Is this ‘Toyger kitten’ photo genuine?

This is a cat photo that was used in an advert for Newman’s Own Organic pet food. Apparently it’s been online since 2013. There is a discussion as to whether the photo is genuine and whether is depicts a Toyger kitten. A Toyger is a fancy breed of cat selectively bred to look like a tiger. The objective of creating the breed: a miniature tiger in your home.

That’s the idea although it is proving damned hard to genetically engineer, through breeding, a domestic cat that has the same physical attributes as a genuine tiger. The best that they have produced is far from a tiger lookalike, which tells me that this is a photo-edited image in which a domestic cat photo has been digitally merged with a photo of a young tiger or tiger cub. It has been done well but it is not a Toyger.

Photo-edited image of a domestic cat and a tiger cub merged together
Photo-edited image of a domestic cat and a tiger cub merged together. Photo now in the public domain (assessed).
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The breeders are not that good. They’d give their right arm to create a Toyger that looked like this!

The photos has been on a social media website used by artists under the name of Silev.

If you’d like to read more about the Toyger, which has not been successful as a cat breed, you can click here. It takes you to a full page on the cat with many photos by Helmi Flick a professional cat photographer.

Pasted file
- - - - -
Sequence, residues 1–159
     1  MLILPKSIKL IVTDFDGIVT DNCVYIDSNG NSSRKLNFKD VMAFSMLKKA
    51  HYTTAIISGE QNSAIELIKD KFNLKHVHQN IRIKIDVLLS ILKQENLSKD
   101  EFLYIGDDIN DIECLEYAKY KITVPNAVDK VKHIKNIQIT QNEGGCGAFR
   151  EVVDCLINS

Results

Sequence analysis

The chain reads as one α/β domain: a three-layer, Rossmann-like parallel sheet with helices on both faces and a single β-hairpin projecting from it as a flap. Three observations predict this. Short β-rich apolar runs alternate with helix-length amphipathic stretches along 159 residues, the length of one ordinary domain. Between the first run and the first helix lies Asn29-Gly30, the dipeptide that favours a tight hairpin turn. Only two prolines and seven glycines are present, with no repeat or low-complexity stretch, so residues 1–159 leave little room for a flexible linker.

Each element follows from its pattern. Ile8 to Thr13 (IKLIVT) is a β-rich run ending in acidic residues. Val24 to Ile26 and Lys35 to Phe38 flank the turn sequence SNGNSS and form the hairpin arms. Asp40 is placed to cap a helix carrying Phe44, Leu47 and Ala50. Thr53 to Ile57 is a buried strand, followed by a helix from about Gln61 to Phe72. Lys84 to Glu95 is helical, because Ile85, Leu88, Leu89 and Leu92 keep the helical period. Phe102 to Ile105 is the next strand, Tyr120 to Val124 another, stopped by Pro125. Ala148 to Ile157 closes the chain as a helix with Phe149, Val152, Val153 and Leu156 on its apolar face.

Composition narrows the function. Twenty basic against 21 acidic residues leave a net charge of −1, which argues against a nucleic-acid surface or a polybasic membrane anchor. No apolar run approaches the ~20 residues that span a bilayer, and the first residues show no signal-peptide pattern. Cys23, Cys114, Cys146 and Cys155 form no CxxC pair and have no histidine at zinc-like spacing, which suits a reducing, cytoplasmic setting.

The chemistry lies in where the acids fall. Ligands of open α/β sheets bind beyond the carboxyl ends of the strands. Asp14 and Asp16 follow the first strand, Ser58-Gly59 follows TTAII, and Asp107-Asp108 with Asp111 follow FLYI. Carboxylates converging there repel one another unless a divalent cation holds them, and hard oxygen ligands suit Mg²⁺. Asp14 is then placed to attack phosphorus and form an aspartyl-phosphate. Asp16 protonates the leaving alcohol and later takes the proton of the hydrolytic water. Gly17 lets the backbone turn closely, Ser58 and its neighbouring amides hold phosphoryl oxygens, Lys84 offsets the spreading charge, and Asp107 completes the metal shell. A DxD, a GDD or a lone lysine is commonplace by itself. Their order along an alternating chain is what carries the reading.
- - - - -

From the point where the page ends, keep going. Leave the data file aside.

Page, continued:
Here is a genuine Toyger:

Toyger. Photo: copyright Helmi Flick.

The photograph and this article is of interest in the context of the creation of the cat breeds. There was a time in the cat fancy history (middle-late 1900s) after the creation of the Bengal cat, a wildcat hybrid, when there was a focus on creating domestic cats that looked like wild cats and which behaved a bit like them. The breeders justified it by arguing that it would improve wild cat conservation in connecting urban-dwelling humans with remote wild places where the wild cats lived. I think that was a high ideal which failed to gain traction. The California Spangled is one example, although that cat breed, which failed, is not a wildcat hybrid but purely domestic.


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